An application example--spectral resolution versus time-frequency uncertainty product

In the previous section we demonstrated that, for example, in the case of rectangular window of duration T the width of spectral peak as defined at 50% level should be [DELTA]'f [approximately equal to] 1.2067/T. The question arises, can this spectral spreading result for one signal employed also for resolution problem of two signals of close frequency within the same time window. This problem is analyzed below for two cos-signals of unit amplitude and different frequency [f.sub.1], [f.sub.2] in a unit window T = 1 [3, 4] (the frequencies must be high enough [f.sub.1], [f.sub.2] >> 1/T, for example, of 10 kHz range for millisecond window). Fig.6 shows the summary spectra for two opposite cases: the in-phase and reverse phase adding (phase difference in the centre of the time window).

[FIGURE 6 OMITTED]

This considered task is of the field of time-limited asynchronous spectral measurements. In digital (synchronized) measurements, if is possible to assure the integer number of oscillation periods within the time window, the resolution limit is defined as [DELTA]f = 1/T [3, 4, 14]. The calculation results in Fig.6 show that the possibility of detection of two frequencies by two separate peaks arises approximately starting from [f.sub.2] - [f.sub.1] > 1.5/ t . Quite reasonable detection with accuracy +13% (in-phase adding) and -16% (reverse phase adding) is obtained only starting from [f.sub.2] - [f.sub.1] > 2/T. Thus for the reliable resolution of two signals the greater values of numerical constants should be considered in comparison of 1.2067 that characterizes the spectral spreading of a single signal.

Applications in quantum mechanics

The present engineering approach may be extended also to quantum mechanics as the spatial frequency of oscillating wavefunctions represents the momentum of a particle [1, 2, 9, 15]. The standard coordinate-momentum Heisenberg's uncertainty relation reads

[DELTA]x[DELTA]p [greater than or equal to] 0.5h, (11)

that is the direct counterpart of FUP inequality (3) [2, 9, 15].

The given lower limit of uncertainty product characterizes fairly the lower states in quantum wells. For example, the ground state in deep square quantum wells with the coordinate-dependent wavefunction of the form of the half period of cos-function [9, 15], the uncertainty product equals [DELTA]x[DELTA]p [approximately equal to] 0.567h that may be also obtained from the column 2 of Table 1. However, the higher states in quantum wells that resemble the first case in Fig. 1, yield much higher uncertainty products if we follow the conventional methology. The latter accounts for distance between spectral peaks and not the width of individual main peaks (the first case in Fig. 1). To obtain more reasonable estimations for individual peaks in momentum domain (i.e. of the spatial spectrum), the developed here engineering approach with numerical constants from Table 1 may be applied. In particular, in the idealized model case of infinitely deep square quantum well where the coordinate-dependent wavefunctions of higher states consist of integer number of sine/cosine halfwaves [9, 15], the respective coordinate-momentum uncertainty relation, corresponding to the momentum peak width detection at 50% level, reads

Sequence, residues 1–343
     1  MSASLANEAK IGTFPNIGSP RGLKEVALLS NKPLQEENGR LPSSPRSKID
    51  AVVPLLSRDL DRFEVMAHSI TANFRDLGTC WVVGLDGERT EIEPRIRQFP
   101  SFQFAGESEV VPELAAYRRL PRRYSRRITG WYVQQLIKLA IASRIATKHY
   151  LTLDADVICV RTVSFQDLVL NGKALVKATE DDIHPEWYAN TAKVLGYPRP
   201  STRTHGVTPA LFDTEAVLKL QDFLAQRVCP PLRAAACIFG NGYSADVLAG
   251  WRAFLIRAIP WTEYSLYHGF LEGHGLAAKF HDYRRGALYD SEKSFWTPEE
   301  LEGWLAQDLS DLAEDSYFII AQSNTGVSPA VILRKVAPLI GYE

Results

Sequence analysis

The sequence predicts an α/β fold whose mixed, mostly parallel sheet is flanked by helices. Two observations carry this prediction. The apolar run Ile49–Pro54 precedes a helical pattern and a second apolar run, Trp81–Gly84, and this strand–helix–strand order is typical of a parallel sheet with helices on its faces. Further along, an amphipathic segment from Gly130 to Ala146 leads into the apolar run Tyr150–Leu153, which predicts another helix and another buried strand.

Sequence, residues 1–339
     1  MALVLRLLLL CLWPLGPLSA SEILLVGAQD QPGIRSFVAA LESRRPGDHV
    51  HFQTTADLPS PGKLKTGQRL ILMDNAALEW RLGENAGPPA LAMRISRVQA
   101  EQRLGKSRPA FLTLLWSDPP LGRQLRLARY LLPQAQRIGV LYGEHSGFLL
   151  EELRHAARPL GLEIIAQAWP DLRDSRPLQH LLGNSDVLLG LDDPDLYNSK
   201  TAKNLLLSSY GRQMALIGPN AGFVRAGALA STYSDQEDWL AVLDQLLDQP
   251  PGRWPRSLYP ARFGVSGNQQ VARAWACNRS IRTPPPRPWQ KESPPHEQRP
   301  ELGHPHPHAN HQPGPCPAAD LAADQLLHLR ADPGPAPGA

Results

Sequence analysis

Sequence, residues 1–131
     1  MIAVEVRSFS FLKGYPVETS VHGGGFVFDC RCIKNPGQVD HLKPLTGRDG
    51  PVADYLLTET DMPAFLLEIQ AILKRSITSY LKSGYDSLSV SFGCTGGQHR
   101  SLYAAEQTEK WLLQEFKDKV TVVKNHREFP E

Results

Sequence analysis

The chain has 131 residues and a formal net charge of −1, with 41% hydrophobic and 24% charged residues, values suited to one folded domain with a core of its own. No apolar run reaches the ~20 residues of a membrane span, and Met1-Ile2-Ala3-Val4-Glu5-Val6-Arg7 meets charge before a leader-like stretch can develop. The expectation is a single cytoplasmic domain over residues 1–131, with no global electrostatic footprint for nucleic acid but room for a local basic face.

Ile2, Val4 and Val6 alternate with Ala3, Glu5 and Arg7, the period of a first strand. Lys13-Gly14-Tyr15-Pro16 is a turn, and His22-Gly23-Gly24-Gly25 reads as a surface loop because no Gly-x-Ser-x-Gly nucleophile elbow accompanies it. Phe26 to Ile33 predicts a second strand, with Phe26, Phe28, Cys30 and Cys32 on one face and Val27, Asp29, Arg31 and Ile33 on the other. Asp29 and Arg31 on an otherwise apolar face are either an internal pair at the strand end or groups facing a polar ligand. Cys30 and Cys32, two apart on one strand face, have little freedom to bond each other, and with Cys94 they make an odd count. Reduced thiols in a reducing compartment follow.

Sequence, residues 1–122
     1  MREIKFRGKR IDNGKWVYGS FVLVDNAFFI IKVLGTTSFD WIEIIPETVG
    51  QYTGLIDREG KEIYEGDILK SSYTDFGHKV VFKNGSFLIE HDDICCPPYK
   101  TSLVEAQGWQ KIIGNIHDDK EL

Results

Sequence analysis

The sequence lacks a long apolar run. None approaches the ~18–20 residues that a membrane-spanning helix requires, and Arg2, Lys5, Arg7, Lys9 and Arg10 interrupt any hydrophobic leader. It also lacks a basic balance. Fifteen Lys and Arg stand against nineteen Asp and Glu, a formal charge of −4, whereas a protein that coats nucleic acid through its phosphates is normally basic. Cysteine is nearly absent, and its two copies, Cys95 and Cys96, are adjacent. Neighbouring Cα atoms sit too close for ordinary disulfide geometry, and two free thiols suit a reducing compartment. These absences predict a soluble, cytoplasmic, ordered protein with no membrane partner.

[DELTA]'x[DELTA]'p [right arrow] 1.206709 * 2[pi]*h [approximately equal to] 7.581977 h. (12)

Conclusions

In the present study we discussed the Fourier transform and Fourier Uncertainty Principle and pointed out several drawback of the conventional methodology based on standard deviations:

a) The artificial increasing of spectrum spreading due to account for positive and negative halves of Fourier spectra;

b) Accounting of distances between of all spectral peaks in the case of multi-harmonic signal.

c) Infinite standard deviations of spectra in the case of rectangular pulses.

In order to overcome the mentioned problems and to present the time-frequency uncertainty criteria in a more suitable form for practical signal processing tasks, we offered "an engineering approach" based on the following principles:

a) Separated analysis of different harmonic signals;

b) Consideration of only main spectral peaks of different harmonic signals;